5. Thank you very much for your inspirational story. I’ve been hunted by my thinking that is all about MCAT scores and English been my third language it has been a struggle (in additional to personal problems) for the preparation. There are lots of information out there that have misled me.

  6. You go girl! You totally got this, you sound proud and strong and determined, and that can carry you way further than just being “gifted” academically or born “under a good star.” As someone whose been chasing med school for years as well, I’ll never forget one of my favorite pieces of advise I got from a professor from my undergrad days: “You’re going to be 40 one day no matter what you do, you might as well do what you love.” Obviously it would be great to be in med school (or more specially to actually be a doc) because then you can happily close this chapter of your life, but imagine how much more experience you will have one day, imagine how much more able to relate to your patients you will be. Throughout the course of my travels I’ve meet amazing, intelligent, well traveled, determined 50 year old’s who were med students off shore, and spoiled, entitled 24 year old med students in Virginia. Just Keep Running! One day we will both get there!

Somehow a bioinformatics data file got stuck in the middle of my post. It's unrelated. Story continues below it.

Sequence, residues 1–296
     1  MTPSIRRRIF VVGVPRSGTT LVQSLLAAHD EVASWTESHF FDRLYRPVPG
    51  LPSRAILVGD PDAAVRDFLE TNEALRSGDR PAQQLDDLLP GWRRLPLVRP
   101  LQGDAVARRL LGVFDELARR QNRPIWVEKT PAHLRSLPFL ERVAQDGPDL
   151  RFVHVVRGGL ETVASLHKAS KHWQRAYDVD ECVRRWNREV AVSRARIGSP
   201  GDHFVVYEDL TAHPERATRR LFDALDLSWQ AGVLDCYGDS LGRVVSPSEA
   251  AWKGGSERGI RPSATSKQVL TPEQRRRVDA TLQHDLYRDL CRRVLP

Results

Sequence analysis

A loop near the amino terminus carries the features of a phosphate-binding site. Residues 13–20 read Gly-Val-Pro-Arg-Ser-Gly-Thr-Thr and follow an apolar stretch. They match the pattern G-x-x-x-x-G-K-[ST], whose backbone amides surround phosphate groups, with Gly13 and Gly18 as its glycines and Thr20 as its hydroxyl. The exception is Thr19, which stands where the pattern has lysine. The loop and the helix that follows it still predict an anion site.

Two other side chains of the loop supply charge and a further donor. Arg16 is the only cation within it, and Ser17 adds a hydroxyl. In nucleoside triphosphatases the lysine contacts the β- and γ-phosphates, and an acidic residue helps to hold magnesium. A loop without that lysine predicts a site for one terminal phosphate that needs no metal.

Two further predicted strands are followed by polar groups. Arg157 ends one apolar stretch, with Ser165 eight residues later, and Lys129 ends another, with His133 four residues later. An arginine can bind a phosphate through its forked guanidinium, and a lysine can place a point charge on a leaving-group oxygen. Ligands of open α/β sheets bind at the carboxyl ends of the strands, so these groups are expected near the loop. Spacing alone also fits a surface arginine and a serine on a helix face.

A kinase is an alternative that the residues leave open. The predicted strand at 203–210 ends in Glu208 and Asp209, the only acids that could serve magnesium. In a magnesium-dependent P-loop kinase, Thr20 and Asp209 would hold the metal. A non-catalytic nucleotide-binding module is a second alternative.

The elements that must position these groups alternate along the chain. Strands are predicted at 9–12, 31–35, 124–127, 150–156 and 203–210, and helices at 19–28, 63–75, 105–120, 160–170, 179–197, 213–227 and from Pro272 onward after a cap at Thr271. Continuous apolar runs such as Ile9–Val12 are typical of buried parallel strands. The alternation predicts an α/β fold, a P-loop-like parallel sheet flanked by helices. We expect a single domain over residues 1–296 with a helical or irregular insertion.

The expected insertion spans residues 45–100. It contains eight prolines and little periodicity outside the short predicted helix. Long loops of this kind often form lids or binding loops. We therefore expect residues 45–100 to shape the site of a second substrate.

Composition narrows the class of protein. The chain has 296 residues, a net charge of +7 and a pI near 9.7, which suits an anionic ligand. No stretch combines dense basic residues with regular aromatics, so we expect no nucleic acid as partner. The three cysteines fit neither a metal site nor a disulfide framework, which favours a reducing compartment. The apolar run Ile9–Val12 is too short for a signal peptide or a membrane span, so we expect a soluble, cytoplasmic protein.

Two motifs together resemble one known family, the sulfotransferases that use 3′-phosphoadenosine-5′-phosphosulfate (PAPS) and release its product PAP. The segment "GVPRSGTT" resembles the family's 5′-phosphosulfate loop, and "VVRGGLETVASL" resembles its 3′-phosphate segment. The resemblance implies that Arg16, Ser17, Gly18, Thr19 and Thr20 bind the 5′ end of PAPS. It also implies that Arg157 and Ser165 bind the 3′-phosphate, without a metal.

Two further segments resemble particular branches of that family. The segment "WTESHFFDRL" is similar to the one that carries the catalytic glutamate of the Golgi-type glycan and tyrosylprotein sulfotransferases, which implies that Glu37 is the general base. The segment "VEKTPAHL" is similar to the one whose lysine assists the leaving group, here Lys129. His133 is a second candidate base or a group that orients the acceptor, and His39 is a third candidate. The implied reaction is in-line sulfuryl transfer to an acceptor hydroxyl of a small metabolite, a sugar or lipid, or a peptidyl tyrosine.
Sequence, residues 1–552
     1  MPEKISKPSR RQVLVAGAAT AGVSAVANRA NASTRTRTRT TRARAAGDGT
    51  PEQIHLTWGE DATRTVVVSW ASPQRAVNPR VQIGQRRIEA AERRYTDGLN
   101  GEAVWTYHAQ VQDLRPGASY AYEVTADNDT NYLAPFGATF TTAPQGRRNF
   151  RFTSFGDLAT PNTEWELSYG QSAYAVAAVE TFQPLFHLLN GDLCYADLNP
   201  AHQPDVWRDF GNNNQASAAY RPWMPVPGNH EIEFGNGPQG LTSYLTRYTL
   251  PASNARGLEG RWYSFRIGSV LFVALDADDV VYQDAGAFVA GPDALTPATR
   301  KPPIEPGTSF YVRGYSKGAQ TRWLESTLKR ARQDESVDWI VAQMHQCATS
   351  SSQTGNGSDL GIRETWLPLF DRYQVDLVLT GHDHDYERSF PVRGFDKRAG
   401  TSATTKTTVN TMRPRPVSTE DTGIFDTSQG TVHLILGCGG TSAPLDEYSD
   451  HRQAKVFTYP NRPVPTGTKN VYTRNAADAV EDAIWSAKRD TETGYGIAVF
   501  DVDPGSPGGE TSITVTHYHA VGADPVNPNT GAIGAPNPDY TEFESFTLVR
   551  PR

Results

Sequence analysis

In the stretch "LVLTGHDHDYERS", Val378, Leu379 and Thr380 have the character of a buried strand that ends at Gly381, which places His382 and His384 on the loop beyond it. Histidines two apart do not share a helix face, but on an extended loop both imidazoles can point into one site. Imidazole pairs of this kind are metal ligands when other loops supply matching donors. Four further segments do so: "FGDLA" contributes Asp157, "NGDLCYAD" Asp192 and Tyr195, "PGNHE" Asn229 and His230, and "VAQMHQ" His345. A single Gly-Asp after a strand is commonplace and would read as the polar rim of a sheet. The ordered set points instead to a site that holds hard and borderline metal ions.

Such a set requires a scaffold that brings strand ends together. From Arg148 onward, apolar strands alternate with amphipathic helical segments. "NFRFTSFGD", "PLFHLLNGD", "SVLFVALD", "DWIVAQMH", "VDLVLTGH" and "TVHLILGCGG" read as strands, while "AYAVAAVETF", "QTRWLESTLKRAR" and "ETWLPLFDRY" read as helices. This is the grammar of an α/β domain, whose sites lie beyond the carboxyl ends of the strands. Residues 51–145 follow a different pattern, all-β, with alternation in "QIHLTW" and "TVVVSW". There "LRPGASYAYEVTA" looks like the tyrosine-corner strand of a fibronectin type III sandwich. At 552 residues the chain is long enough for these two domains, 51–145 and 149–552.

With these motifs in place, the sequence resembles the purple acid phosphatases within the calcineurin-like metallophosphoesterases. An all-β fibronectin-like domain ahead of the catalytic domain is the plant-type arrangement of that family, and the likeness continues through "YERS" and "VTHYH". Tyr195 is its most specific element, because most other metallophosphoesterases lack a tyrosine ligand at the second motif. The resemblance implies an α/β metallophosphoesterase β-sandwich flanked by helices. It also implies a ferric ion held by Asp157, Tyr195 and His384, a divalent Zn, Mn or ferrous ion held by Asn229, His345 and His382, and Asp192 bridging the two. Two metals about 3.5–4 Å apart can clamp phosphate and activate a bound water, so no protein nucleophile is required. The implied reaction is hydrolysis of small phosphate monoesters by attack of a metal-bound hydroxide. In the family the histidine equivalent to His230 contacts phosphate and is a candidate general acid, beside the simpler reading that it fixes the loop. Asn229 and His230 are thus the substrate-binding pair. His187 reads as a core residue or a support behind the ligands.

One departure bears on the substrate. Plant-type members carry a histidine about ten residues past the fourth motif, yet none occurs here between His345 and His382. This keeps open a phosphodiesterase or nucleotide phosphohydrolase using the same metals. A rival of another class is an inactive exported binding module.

7. What an inspiration. God will definitely carry you through! That verse, Galatians 1:9, is something that comforts me and helps me to persevere too. We CAN DO THIS!!!

  8. Hi! I’m very thrilled that I have found your blog and although we don’t have much in common, I feel like I understand some of your struggles. I’m a 20 year old first year pre-med student from the Caribbean (I am international and am currently working on becoming a resident. Yay!), so I have struggled with getting used to the new environment and have also felt inferior to the kids I have met since they have had more resources and AP classes than I did in the Caribbean. Reading your post reminded me of the many times I have felt unmotivated and I thank you so much for sharing that with me.

  9. Mytosha,
    Thank you so much for sharing your experiences! I too am a wife and mother seeking a pre-med degree, in hopes of one day being a family medicine physician. You have encouraged me to keep going and show me that it is possible to juggle all of my responsibilities and still be a great mother and wife.

  10. Thank you for this post. I don’t wear as many hats as you do – kudos, but I can relate to the bumps you’ve had because I’m also not a traditional student, but reading this…just, thank you ! I appreciate knowing that someone is going through what I am, and know that i’m cheering you on! YOU GO GIRL !

  11. I love seeing your journey. I remember you from way back at Geaux Lead when you were an undergrad. Proud of your perseverance.